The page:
“Don’t Worry Darling” Exceeds Expectations Despite Poor Reviews

by Gabi Admi ‘23

Don’t Worry Darling, directed by Olivia Wilde, is a cinematic masterpiece starring many distinguished actors such as Florence Pugh, Nick Kroll, Chris Pine, and even the famous singer Harry Styles. Going into the movie, I had very mixed expectations. It could either be amazing, or a complete flop. Movie critics rated Don’t Worry Darling a 6.5 out of 10 on IMDb. Despite harsh ratings, the film received a seven-minute standing ovation at its premiere. I’m also a big fan of Booksmart, the movie Wilde directed before Don’t Worry Darling, so I was excited to see what she had in store for her next movie. 

Don’t Worry Darling takes place in the 1950s, following a young couple Jack Chambers (Styles) and Alice Chambers (Pugh). The couple lives in an experimental community of Victory, where the husbands go off to work on a top secret project while the wives stay home to clean and drink margaritas. Conflict arises when Alice begins to question what Jack does for work, which is a forbidden secret no one talks about. Once Alice finds the answers she’s been looking for, she discovers that her perfect life in Victory isn’t as perfect as it seems.

Don’t Worry Darling checked off all the boxes from the cinematography to the acting. A compelling aspect of this movie is that the cinematography is aesthetically pleasing to the eye and followed a strict color palette of pastels made up of beautiful blues, pinks, and yellows. Another aspect that was extremely prominent was the set design, it felt like it was straight out of a teenage girl’s Pinterest board. The cars, house sets, and scenic design were dreamy, and accurate to the timeline: from vintage cars to conversation pits. Every single creative detail was symbolic of this so-called “perfect life,” because although horrific details are revealed, an average viewer would still kill to live in Victory. Not to mention, Don’t Worry Darling was perfectly casted not only to fit the characters, but to appeal to a range of audiences. All of the actors did a fantastic job, from facial expressions to line delivery. I was particularly surprised at Styles’ performance considering his lack of experience. His performance was exceptional to convince the audience he was the “perfect” husband.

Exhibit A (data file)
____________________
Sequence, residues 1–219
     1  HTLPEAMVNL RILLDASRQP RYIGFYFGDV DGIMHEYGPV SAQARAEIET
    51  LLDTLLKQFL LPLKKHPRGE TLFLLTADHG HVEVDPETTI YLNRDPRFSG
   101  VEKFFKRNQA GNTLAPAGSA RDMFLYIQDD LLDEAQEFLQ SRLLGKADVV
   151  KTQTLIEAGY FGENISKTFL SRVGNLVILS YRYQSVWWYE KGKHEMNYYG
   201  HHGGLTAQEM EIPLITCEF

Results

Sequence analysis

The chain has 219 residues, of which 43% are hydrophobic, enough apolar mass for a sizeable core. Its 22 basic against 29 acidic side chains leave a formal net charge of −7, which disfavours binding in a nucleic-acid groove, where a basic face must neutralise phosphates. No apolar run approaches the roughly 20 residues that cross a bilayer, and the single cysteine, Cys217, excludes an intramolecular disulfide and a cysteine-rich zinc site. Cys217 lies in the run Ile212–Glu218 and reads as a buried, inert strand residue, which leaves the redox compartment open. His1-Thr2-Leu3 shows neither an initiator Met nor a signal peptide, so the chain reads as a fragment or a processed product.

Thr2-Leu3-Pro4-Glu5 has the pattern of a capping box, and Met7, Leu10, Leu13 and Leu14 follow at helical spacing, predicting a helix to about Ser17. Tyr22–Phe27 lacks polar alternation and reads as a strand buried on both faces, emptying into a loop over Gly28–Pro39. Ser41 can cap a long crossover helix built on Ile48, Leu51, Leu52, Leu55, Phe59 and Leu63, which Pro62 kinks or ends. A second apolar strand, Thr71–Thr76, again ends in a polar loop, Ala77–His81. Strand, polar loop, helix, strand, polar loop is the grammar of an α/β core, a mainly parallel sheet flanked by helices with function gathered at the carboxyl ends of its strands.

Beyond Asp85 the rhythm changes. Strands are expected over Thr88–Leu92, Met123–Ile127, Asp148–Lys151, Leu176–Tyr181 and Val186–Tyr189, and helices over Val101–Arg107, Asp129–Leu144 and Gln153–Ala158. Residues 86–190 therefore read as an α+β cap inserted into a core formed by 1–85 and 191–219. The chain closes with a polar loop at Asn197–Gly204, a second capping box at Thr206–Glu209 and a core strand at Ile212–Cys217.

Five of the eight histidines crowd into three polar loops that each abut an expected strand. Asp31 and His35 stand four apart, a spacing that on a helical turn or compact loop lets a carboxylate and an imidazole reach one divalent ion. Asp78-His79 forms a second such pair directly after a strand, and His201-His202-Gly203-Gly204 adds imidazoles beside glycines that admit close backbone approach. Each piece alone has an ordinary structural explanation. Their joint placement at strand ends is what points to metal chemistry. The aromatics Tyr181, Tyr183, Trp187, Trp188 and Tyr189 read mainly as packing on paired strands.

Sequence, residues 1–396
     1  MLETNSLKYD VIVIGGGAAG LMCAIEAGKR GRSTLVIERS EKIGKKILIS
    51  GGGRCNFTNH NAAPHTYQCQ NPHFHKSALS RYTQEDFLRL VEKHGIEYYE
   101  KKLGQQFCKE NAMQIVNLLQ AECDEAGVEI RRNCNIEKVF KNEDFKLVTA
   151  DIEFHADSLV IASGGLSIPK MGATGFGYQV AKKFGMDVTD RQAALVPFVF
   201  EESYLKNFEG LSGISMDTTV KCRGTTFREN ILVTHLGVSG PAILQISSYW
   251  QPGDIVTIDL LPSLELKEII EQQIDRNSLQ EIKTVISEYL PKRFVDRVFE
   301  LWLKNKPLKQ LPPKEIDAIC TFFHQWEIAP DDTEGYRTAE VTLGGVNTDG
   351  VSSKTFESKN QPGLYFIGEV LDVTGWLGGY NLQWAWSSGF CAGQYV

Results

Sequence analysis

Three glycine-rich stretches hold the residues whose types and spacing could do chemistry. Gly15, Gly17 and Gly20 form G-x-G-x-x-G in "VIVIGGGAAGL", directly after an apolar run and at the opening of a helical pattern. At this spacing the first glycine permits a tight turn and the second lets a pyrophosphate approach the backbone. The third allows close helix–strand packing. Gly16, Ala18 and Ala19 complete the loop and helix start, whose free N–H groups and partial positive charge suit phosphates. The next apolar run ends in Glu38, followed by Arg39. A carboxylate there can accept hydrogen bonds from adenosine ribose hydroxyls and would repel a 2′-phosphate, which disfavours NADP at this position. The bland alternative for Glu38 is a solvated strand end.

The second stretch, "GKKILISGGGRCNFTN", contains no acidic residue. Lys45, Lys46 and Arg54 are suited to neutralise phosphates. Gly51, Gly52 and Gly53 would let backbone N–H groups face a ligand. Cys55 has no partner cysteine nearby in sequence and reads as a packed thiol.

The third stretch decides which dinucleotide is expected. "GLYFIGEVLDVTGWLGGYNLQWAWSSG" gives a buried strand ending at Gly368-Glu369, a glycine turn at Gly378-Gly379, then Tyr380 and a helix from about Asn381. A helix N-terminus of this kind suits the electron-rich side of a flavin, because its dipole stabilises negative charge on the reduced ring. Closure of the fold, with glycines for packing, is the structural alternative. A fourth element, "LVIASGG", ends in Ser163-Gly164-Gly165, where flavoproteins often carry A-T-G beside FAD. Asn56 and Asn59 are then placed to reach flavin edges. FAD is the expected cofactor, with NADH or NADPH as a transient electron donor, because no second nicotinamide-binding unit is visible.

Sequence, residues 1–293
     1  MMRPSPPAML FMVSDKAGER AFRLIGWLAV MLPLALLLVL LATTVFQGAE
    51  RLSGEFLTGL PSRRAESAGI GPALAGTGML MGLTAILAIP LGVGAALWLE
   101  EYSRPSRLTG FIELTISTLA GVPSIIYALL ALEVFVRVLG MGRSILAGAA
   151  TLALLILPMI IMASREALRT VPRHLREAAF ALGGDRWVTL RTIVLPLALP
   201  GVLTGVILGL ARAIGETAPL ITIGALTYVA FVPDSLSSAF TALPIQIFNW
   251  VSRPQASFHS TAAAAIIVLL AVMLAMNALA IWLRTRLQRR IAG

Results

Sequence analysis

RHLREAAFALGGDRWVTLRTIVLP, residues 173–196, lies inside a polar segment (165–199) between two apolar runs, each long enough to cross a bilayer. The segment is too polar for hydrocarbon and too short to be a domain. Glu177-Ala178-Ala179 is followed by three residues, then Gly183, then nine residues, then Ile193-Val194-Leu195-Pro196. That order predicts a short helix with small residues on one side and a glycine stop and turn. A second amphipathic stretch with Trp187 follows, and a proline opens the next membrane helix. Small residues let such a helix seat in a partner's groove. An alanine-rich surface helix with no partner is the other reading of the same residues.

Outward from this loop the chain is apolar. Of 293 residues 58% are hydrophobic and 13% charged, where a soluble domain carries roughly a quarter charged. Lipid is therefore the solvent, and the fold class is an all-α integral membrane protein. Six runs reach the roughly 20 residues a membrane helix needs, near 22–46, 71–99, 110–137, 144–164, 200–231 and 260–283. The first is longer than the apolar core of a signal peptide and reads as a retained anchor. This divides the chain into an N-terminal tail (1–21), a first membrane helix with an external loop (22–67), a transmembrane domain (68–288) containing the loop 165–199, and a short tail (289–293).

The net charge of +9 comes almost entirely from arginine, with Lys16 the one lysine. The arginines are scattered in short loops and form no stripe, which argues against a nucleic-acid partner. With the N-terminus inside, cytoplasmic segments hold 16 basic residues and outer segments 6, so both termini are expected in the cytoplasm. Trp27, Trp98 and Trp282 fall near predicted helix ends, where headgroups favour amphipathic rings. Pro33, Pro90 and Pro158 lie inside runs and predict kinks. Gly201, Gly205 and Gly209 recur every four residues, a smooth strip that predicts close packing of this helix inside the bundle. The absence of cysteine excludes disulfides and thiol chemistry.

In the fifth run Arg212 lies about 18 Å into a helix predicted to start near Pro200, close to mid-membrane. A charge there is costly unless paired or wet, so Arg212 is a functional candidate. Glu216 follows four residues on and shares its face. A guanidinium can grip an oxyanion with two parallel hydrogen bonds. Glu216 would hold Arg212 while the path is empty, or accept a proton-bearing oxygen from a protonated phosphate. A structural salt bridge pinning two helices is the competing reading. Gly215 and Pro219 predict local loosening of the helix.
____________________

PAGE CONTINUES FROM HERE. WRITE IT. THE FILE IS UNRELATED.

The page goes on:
My only complaint is that the movie was a bit slow in the beginning; however, the buildup was fantastic and had me in a chokehold, looking at my friend, jaw dropped, and anxiously kicking my feet every five seconds. If you love thriller movies that make you also think a bit, such as Get Out or The Truman Show, Don’t Worry Darling is a must-see.

Grade: A